Halfway is interesting--halfway to adulthood, halfway involved romantically, halfway interested in my classes, halfway too busy being distracted by the city, halfway missing home, halfway so glad I’m not near anything familiar, halfway satisfied with my body, halfway on some diet in that halfhearted sort of way, halfway thinking about next year, halfway telling that part of me to shut up, shut up, just shut up already because halfway I’m here in New York City and I shouldn’t be anywhere else because when am I ever going to live in New York City again? Halfway intoxicated on being 25 and alive and from Brooklyn, halfway staring at children being pushed in strollers by their nannies of different ethnicities and so I’m halfway thinking this would be a disaster of a place to raise a child in and so I’m halfway thinking about Colorado, and about the outside because I halfway miss all the fresh air, all the stars and how they’re so very bright in Colorado skies and I’m halfway jealous of kids who grow up in Colorado because the ones I know know far more than just a few constellations. I’m halfway thinking about how incredible it is that I can wake up at 3am and decide that life is tedious and so I’m halfway so glad that the A line runs late into the night and I can be in Times Square anytime I want and Times Square is always breathing, it’s always alive and it’s always pulsing and it doesn’t care how much it’s wasting, and I’m halfway thinking about how if Colorado were a person, he would be very mad at its wasteful niece, New York City.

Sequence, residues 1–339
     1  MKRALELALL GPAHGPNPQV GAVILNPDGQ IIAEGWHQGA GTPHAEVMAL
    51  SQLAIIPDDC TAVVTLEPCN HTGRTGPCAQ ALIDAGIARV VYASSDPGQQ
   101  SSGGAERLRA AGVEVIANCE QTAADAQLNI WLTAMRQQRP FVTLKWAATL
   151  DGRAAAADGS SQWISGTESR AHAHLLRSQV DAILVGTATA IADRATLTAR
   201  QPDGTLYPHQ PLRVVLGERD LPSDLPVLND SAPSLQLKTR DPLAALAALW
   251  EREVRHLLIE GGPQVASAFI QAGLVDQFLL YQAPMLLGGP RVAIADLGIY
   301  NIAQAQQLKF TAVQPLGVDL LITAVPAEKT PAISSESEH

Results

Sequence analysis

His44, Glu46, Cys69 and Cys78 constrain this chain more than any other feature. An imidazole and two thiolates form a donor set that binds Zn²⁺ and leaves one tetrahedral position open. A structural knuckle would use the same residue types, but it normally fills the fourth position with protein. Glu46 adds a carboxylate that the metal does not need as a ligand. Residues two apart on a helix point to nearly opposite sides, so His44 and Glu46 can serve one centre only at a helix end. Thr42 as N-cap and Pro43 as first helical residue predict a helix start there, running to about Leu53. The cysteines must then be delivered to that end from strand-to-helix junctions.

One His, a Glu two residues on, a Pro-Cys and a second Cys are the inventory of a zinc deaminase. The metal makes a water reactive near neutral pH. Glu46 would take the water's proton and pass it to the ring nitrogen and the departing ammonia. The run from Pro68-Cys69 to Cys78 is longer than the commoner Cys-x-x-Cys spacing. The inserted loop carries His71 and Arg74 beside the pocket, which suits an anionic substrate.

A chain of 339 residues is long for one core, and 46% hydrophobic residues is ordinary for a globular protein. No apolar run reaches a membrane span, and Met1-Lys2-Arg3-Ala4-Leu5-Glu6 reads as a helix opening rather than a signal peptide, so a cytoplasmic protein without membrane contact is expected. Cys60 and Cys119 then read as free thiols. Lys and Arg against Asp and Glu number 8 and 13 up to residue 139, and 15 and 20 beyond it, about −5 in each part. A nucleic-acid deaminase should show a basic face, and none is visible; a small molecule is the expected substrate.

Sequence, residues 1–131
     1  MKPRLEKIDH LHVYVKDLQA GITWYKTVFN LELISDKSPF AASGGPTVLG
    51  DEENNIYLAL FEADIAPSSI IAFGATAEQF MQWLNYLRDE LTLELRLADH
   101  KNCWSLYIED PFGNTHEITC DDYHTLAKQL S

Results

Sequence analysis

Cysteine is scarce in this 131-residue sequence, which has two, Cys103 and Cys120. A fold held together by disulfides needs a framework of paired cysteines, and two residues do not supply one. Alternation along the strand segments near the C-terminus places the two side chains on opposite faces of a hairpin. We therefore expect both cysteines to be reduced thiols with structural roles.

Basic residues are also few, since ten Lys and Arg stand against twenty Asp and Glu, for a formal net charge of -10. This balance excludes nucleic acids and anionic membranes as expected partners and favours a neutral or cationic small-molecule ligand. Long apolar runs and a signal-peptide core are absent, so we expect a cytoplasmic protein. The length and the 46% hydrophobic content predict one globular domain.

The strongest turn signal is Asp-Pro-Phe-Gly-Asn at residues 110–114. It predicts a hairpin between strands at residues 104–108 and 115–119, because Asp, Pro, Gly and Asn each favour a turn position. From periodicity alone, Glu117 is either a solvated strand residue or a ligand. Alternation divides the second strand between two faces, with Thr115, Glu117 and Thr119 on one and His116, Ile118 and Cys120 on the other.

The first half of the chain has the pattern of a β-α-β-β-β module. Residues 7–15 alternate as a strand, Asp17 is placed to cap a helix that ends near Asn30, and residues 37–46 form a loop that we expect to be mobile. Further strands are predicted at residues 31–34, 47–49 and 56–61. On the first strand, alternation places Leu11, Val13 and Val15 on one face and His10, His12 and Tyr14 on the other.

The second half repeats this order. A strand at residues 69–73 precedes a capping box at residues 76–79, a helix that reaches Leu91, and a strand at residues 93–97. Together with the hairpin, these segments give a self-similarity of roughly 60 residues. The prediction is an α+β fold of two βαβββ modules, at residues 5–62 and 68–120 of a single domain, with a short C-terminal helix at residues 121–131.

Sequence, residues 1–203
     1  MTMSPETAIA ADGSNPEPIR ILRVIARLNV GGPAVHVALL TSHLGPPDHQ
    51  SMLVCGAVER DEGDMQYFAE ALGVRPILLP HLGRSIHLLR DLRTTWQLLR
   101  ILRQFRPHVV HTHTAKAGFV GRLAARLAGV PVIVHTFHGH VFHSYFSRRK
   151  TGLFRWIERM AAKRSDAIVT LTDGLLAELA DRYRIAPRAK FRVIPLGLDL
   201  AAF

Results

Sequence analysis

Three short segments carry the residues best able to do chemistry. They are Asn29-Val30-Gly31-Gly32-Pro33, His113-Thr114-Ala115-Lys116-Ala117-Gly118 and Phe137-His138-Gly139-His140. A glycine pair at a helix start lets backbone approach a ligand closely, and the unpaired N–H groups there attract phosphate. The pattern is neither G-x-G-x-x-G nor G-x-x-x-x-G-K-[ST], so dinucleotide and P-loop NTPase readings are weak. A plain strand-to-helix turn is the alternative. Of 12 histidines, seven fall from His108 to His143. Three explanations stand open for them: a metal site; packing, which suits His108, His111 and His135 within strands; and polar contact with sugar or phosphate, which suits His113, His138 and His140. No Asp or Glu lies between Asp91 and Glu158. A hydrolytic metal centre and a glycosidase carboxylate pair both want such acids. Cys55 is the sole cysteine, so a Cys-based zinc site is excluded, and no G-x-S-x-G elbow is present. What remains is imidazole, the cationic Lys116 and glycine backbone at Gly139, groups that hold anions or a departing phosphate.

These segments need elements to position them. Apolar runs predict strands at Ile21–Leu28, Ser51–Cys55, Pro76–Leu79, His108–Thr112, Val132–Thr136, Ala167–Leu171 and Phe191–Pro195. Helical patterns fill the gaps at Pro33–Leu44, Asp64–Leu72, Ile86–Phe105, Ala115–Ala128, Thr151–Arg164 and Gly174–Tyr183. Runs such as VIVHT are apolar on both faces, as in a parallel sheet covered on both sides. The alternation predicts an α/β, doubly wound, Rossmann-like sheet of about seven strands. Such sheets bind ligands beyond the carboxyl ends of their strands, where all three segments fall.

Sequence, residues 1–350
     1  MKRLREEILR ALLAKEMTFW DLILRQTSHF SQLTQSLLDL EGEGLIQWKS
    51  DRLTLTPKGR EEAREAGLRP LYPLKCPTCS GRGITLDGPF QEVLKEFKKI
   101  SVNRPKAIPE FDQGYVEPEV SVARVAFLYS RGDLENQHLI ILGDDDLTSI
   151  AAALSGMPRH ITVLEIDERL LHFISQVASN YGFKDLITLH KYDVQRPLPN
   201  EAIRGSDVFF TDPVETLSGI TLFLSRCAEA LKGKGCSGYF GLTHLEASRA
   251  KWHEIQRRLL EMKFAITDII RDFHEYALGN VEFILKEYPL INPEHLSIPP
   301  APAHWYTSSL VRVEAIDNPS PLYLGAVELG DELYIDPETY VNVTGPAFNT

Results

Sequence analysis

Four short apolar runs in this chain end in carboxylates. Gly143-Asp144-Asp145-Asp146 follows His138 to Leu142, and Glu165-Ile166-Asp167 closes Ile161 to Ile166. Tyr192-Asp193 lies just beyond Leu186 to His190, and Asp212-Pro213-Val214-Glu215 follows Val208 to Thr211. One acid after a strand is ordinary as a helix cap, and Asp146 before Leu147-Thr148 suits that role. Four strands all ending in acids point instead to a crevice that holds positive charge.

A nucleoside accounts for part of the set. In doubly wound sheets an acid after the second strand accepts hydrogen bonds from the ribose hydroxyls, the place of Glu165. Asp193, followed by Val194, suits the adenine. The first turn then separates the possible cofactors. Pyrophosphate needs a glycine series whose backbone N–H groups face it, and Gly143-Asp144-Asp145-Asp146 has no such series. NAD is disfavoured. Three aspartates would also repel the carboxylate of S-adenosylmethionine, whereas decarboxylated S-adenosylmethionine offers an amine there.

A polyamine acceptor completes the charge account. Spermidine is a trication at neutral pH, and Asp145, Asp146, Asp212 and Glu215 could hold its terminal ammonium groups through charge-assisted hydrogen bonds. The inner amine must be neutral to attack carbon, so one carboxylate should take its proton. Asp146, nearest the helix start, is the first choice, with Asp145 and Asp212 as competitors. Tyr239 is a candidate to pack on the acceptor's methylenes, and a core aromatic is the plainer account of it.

In all the halfways, there’s one very whole question that I can never quite answer: Who the hell am I?
It's really warm and it's really sticky. You can feel your sweater clinging onto your skin even though it was much needed when you were standing outside in the 60 degree weather. That's the thing about the subway- it's September- the end of September, but September- so summer still lingers down here, the heat trapped within these concrete walls.